The “Broken Windows” of Hurricane Sandy

[Note: After completing this post, I discovered that Peter Schiff had already discussed this topic today.  Watch his video.]

During lunch today, I cringed as a cable news anchor referenced the “silver lining” in the devastation caused by Hurricane Sandy — namely, that unemployed workers in construction and other industries can now be employed in the rebuilding effort.  This is a textbook example of the broken window fallacy, and since I do not expect this news anchor’s ombudsman to dutifully identify and report the misstatement, I found myself motivated to reboot this blog after a couple months of inactivity.

Frédéric Bastiat identified the broken window fallacy as early as 1850, and although it is simple enough for any high school student to comprehend, in my experience it is not taught.  (As for the reason why a government school might not seek to debunk this fallacy… I leave this as an exercise to the reader).

Bastiat sets up the fallacy in the following way.  Suppose that a shopkeeper’s son accidentally breaks the window of the store.  The shopkeeper pays the glazier a sum of 6 francs to create and install a new window.  Onlookers observe that the broken window has led to an economic exchange which allows for the employment of the glazier, and so the onlookers conclude that broken windows are an economic boon.

The fallacy lies in the difference between the seen and unseen consequences.  The onlookers in the story consider only the seen: it is certainly and visibly true that broken windows employ the glazier.  But it is not clear, in fact not even knowable, how the resources in the story would have been allocated if the first window remained intact.  These are the opportunity costs.  For example, the shopkeeper would have spent his 6 francs on a different good or service, allowing for the employment of someone else.  The glass demanded to create the new window might have been demanded for a different product, which now cannot be made.  The glazier, if he truly could not maintain his industry in a world of unbroken glass, would then apply his labor toward a different industry to meet a different demand.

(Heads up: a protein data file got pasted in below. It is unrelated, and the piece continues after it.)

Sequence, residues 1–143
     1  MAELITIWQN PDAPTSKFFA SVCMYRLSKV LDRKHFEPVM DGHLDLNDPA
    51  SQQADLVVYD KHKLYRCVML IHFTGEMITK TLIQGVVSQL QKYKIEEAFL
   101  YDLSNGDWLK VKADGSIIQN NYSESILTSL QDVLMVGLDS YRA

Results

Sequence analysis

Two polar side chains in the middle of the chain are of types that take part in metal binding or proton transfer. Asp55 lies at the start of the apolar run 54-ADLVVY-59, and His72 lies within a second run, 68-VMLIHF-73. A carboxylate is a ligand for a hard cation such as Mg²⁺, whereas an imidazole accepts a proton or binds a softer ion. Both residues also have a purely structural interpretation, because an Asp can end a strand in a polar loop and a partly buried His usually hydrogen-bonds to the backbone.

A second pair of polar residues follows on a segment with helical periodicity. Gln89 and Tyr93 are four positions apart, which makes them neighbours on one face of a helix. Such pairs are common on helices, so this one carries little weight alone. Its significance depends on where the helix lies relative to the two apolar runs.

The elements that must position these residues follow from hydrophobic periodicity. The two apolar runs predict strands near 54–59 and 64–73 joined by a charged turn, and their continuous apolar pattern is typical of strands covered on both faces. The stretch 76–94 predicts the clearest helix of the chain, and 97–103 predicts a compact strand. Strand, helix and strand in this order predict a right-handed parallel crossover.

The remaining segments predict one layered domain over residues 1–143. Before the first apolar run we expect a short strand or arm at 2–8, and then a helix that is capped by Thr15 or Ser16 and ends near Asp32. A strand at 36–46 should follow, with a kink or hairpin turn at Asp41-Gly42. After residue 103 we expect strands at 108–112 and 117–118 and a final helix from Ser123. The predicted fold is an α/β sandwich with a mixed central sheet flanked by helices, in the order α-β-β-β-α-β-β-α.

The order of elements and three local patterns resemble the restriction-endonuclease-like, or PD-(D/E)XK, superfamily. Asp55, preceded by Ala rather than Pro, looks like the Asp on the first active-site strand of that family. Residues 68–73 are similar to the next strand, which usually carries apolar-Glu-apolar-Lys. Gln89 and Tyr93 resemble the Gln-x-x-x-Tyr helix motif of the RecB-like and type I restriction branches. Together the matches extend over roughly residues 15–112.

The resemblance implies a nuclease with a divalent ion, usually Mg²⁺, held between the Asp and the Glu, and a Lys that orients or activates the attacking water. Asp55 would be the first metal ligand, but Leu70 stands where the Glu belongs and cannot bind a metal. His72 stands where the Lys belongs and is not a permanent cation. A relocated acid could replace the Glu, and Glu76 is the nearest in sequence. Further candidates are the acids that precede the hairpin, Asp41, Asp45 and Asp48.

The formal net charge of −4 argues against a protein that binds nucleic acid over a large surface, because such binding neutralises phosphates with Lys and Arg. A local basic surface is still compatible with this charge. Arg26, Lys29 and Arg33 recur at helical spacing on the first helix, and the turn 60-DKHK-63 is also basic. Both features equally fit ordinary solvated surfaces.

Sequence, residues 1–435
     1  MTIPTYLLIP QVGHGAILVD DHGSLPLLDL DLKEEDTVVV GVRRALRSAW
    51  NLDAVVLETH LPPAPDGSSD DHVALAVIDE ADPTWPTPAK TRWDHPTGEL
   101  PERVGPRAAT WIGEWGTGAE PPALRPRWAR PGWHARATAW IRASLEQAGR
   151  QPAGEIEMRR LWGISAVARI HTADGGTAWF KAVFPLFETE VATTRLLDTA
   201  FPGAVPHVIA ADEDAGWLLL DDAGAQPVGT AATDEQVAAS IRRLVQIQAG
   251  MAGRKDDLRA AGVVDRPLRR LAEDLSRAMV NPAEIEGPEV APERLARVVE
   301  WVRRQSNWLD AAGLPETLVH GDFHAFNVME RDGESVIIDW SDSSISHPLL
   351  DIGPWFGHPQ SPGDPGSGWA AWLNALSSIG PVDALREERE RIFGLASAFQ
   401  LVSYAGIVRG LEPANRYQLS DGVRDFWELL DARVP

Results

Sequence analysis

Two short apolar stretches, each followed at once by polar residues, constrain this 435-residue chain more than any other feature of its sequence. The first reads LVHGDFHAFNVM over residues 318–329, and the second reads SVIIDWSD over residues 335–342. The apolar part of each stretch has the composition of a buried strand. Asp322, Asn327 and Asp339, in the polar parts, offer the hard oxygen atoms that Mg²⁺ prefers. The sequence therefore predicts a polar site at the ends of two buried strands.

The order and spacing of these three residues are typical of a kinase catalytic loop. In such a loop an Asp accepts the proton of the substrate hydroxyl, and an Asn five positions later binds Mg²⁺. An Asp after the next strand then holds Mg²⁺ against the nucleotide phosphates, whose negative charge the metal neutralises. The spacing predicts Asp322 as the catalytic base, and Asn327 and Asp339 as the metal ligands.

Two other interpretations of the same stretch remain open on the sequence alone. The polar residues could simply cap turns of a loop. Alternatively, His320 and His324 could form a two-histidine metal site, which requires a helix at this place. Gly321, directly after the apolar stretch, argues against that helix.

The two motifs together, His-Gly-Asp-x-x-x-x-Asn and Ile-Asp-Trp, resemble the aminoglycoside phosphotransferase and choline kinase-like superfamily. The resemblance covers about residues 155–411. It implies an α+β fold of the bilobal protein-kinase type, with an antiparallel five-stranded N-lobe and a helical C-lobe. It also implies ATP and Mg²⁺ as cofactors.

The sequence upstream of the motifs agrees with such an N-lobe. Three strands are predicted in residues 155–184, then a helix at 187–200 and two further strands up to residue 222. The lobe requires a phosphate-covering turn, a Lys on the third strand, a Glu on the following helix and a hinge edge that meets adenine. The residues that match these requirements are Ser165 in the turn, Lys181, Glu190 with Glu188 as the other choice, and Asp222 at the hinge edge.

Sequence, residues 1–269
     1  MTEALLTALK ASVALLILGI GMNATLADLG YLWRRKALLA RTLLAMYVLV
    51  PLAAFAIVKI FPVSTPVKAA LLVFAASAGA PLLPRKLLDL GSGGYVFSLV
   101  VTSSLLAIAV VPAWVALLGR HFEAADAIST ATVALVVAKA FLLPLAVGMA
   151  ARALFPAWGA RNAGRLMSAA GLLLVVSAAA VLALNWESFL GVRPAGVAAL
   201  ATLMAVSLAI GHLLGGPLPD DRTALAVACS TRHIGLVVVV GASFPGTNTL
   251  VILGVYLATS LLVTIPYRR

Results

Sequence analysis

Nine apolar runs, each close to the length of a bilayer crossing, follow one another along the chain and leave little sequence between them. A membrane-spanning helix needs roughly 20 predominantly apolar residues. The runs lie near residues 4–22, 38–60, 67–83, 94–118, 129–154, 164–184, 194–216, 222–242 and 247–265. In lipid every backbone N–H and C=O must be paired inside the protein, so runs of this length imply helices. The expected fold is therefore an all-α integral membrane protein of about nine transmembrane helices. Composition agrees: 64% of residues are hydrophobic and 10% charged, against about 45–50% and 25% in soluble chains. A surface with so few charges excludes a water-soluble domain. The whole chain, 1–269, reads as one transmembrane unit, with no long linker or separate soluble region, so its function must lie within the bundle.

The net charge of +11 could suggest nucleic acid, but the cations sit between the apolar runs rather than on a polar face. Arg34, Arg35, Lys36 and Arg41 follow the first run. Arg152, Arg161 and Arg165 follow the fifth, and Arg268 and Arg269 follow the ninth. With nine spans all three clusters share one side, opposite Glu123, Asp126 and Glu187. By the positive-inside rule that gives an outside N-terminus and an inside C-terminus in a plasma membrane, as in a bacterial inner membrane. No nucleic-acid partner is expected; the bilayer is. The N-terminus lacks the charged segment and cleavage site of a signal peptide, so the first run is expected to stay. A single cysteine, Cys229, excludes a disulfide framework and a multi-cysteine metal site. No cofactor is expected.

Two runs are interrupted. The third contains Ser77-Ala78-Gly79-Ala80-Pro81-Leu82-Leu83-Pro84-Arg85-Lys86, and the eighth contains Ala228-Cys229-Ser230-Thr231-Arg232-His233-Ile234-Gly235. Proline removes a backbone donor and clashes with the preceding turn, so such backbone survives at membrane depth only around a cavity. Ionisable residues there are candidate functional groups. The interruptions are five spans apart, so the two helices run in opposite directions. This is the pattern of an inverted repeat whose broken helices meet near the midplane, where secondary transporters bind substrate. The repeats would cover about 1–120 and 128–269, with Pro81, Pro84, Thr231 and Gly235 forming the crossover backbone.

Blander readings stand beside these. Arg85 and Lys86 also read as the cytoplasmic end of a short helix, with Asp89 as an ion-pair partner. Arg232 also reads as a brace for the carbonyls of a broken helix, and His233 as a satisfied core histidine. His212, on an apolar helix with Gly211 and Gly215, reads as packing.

Destruction of property cannot make a society wealthier on the whole, because rebuilding expends economic resources and incurs opportunity costs, possibly of the unseen type.  It is true and visible that the hurricane damage will cause a rebuilding effort, and the rebuilding effort will employ a number of people.  But the net economic effects must necessarily be negative to a monumentally tragic degree.  Many unemployed may find a temporary job, but many currently employed will lose their permanent jobs.  Some people may be a little better off, but a great many will be much worse off.  The news anchor referred to a “silver lining” that at least the hurricane damage will stimulate the economy, but if he considered the unseen consequences, he would realize that rampant devastation of capital can only make an economy worse.

Paul Ryan: Fiscal Hawk?

Mitt Romney, from the beginning of his campaign, has struggled to convince voters that he is truly conservative, especially in a fiscal sense.  Republican primary voters chose him as the most likely candidate to defeat Barack Obama, but the “moderate” label stuck to him.

This morning, Romney announced Paul Ryan as his running mate.  Ryan is known most famously for his “Path to Prosperity”, a proposed budget popular with fiscal conservatives.  So does the Romney/Ryan ticket now have fiscal credibility?

Not so fast.  It’s true that Ryan has more of a “fiscal hawk” reputation than the other short-list VP choices, but this says more about the rest of the short list than it does about Paul Ryan.

I like Paul Ryan.  I do not question his motives or intentions.  But his much-touted Path to Prosperity doesn’t balance the federal budget until 2035.  That’s a long Path, and the American people will grow weary long before reaching the Prosperity.  There are 6 presidential elections and 12 congressional elections between now and 2035; what is the likelihood that the Path to Prosperity, if enacted, would survive without repeal until 2035?  In practice, Paul Ryan’s proposal would not balance the federal budget, even if that was his intention.

Governor Luis Fortuño is about to achieve his goal of balancing the budget of Puerto Rico in 5 years.  Ron Paul would submit a balanced federal budget in 3 years.   Gary Johnson, running for president on the Libertarian ticket, would submit a balanced budget in his 1st year.  Mitt Romney, even with Paul Ryan at his side, will not submit a balanced budget.  Not now, not in 2035, not ever.

The selection of Paul Ryan for VP gives me some hope that the GOP wants to see themselves as the party of small government, and one day this may evolve into actually being a party of small government.  But for now they are still the party of marginally-smaller government, and the inclusion of Paul Ryan reinforces this perception rather than changing it.